Simon Hughes: Does the hon. Gentleman agree that—contrary to the initial arguments from Labour Members—new clause 3 would deal with the inequality of the present position, in which Sikhs and Jews are protected but other faiths are not? It would also protect people against the consequence of hatred—attack—and would do so gradually, which should deal with the problem without unintended extra consequences.

Mr. Grieve: I agree with the hon. Gentleman, which is why I put my name to the new clause.

Mr. John Redwood (Wokingham) (Con): Is my hon. Friend, like me, swayed by the number of people with sincere religious beliefs of various sorts who have written to their Members of Parliament, including me, to say that this measure is not helpful, and that they hope that it will be amended along the lines that he suggests?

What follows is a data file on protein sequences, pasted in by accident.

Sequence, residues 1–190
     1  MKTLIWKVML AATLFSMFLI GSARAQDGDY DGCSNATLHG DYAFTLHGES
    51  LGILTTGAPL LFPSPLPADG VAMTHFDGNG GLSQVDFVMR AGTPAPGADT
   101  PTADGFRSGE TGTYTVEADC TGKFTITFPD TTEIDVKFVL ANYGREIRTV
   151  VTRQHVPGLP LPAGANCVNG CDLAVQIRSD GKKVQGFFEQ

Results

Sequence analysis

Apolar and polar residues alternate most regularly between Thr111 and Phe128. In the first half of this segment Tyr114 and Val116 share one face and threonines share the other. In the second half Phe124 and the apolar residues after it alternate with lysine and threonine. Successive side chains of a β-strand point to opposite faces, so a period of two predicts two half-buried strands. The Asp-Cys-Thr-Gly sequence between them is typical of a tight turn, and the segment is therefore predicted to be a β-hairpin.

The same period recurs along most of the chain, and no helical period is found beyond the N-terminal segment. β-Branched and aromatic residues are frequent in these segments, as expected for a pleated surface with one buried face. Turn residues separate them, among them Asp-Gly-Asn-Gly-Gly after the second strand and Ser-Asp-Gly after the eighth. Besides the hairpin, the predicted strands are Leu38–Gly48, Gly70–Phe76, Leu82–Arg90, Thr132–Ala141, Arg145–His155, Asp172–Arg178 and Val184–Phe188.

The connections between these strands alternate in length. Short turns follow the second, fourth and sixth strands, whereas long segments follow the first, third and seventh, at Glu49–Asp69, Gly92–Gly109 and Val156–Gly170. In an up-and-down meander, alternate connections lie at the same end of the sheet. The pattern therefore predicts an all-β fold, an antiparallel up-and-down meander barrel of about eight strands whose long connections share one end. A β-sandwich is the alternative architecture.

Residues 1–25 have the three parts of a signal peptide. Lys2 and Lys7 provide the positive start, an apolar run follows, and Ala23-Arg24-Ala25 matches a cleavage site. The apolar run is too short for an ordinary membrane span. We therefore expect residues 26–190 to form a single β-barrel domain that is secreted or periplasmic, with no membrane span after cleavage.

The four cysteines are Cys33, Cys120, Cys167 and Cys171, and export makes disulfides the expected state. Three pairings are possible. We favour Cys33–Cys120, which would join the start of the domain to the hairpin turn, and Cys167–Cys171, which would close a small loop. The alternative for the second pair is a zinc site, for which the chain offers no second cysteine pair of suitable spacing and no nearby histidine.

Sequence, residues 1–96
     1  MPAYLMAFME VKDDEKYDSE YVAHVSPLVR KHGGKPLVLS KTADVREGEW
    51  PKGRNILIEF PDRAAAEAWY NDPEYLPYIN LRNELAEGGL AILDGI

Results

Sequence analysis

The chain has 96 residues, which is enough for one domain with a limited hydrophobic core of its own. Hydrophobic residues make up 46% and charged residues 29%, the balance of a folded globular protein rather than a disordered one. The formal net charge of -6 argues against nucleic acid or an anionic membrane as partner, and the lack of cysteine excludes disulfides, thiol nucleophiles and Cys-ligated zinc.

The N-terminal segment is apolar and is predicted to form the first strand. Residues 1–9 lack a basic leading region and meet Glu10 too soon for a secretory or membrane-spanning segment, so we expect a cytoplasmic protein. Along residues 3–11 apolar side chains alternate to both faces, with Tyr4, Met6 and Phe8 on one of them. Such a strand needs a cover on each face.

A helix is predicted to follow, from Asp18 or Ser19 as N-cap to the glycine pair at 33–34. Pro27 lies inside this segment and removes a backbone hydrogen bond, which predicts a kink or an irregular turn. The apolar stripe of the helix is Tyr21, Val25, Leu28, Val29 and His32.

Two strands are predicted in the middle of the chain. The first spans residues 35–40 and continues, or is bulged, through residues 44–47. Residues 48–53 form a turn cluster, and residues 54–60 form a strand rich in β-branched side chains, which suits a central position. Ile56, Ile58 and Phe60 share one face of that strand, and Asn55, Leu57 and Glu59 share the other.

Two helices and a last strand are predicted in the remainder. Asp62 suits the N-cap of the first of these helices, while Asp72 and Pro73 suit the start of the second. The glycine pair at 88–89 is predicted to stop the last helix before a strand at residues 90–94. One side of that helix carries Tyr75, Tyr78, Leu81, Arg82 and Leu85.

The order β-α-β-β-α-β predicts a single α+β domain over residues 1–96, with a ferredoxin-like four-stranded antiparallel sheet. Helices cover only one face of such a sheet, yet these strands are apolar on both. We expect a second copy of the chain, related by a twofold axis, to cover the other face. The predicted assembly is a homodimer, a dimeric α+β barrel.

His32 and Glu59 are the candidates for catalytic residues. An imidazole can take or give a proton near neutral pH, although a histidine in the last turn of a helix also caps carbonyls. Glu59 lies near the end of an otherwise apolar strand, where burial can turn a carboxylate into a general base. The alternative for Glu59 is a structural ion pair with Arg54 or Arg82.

Mr. Grieve: My right hon. Friend is right. The broad expression of views, including those of secularists, people in the theatrical world and those with strong religious beliefs, suggests that the Government's proposals are seriously flawed. The Government should take that into account, and I hope that they will change their mind.

The Conservative position is that any vote on the blasphemy laws would be a free vote. My view as a lawyer has always been that the blasphemy laws are, if not obsolete, certainly obsolescent, and most unlikely ever to be used to bring a prosecution. Hon. Members can make up their own minds whether they wish those laws to be preserved.

On the main point, I encourage all hon. Members on both sides of the House to give new clause 3 serious consideration, because it is the best way forward. Despite their good intentions, the Government have made a great mistake in this aspect of the Bill.